Recently I was treated to a special screening of the two-hour pilot episode of the upcoming NBC drama “Kings” and had the opportunity to go on set while the cast was filming their penultimate episode of Season 1. Starring Ian McShane (“Deadwood”) and Christopher Egan (“Eragon”), the show is a modern day re-telling of the classic biblical tale of David and Goliath and premieres Sunday, March 15th at 8pm ET on NBC.
Egan plays David, a young man from a large family that enters the military and finds an unlikely path to fame after he makes a heroic act that captivates the nation and endears himself to King Silas (McShane). As Americans with a President and not a monarchy, we’ve always seemed to be fascinated by the English system of ruling and the pomp and circumstance associated with that, and this series taps into that curiosity.
It’s interesting to see the parallels in the story to the war we’re currently waging in Afghanistan and Iraq. Although the kingdom here is the fictional Gilboa, it’s easy to see where executive producer Michael Green drew inspiration from. The rest of the stellar cast includes Susanna Thompson, (“Once & Again”) who plays Queen Rose, Sebastian Stan (“The Covenant”) – the King’s son with a big secret, and Allison Miller as the King’s daughter Michelle.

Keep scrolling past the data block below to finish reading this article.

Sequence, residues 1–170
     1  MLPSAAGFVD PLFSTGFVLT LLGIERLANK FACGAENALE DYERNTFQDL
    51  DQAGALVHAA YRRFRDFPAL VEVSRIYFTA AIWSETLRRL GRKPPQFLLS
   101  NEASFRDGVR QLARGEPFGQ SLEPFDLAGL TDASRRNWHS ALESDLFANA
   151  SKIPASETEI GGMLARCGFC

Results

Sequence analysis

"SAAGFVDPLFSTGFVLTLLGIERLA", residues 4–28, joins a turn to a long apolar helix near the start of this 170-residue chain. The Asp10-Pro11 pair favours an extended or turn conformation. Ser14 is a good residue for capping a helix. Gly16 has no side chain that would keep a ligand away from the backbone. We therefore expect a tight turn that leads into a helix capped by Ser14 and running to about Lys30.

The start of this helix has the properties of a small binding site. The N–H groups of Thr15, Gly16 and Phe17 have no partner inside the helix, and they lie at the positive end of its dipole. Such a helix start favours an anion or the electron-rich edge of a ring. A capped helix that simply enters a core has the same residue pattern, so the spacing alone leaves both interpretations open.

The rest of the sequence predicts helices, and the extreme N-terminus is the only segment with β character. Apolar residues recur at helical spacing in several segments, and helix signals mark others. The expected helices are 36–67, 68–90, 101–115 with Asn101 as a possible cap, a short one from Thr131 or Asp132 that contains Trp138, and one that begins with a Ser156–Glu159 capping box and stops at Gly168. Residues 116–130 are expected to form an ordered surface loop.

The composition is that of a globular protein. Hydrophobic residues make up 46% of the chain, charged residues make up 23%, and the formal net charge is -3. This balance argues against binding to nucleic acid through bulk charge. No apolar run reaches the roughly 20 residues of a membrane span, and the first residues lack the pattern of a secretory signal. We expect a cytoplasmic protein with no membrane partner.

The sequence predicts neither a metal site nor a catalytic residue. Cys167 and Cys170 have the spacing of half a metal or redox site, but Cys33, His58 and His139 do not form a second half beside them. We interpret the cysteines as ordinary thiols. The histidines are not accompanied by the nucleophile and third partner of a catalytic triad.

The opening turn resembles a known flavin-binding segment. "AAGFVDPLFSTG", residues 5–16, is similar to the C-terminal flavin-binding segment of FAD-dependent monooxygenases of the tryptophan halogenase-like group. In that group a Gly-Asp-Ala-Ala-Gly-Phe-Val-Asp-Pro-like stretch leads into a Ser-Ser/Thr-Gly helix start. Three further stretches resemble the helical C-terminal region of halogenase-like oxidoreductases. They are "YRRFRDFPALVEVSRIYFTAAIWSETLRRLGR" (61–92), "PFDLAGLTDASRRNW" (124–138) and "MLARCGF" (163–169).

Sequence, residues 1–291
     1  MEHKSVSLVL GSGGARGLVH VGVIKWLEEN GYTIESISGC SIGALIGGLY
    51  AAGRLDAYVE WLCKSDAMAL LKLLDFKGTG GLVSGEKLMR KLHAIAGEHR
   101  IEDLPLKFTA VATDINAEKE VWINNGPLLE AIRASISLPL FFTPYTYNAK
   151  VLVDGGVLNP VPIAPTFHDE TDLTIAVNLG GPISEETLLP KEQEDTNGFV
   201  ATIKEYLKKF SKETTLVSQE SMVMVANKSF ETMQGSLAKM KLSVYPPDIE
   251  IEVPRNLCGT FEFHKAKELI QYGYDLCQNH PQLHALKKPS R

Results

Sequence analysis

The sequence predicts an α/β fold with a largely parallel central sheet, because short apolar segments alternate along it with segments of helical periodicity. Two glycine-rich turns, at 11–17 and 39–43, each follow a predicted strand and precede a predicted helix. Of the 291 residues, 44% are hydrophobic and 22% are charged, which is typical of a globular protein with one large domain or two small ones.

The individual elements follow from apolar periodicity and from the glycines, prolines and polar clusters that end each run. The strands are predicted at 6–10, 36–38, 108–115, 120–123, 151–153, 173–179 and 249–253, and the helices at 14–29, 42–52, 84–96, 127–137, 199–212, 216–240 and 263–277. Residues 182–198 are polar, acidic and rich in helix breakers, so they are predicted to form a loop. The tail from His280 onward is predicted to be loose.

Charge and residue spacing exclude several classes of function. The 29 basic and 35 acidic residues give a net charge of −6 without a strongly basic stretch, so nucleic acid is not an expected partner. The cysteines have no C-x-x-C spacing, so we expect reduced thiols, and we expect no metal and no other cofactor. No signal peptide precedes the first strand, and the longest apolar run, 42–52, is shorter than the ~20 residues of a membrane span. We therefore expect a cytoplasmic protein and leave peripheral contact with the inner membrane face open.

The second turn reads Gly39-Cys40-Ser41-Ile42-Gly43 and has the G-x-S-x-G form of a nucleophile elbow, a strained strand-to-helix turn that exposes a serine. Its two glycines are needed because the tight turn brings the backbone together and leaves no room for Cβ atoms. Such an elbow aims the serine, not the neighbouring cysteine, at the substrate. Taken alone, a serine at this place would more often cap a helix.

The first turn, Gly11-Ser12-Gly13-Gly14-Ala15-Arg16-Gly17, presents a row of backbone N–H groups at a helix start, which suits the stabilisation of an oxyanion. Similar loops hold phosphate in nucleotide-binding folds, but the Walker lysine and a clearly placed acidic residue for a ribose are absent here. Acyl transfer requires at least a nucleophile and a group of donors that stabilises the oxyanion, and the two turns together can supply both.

Green said during the Q+A session of the screening that there will be plenty of storyline to run through, with the whole life of David from the Bible as fodder. So if the series is a hit, there will be plenty of juicy storylines for Season 2. “Kings” is a great blend of romance, intrigue, spirituality and betrayal.
The pilot quickly introduces us to the world of Gilboa and teases the rise of David. The King elevates David to an important position in the government, which angers black sheep son Jack Benjamin, but is there more than meets the eye going on here? David is uncomfortable at first with his newfound fame but strikes up a surprising friendship with the King’s daughter that puts him more at ease.
Just like McShane’s infamous Al Swearengen from “Deadwood,” King Silas is multi-layered and hard to pin down in such simple shades of black or white. He is a King willing to do anything for his family, yet is conflicted about the war his country is waging that is unpopular and increasingly deadly. The King’s actions in the pilot are sometimes devious, always manipulative, and just the kind of stuff that a good drama has to have.
A butterfly swarm, a missing cellphone and a lingering glance all reveal key plot points in the pilot, so keep your eyes peeled. “Kings” is definitely one of the best new shows of the year and I can’t wait to see where Green takes the story, how faithfully he follows the story of David, and where he veers off a bit. The cast he’s assembled is top notch and should open up the storytelling to encompass any direction he wants to take it in. Catch “Kings” Sunday, March 15th at 8pm ET on NBC.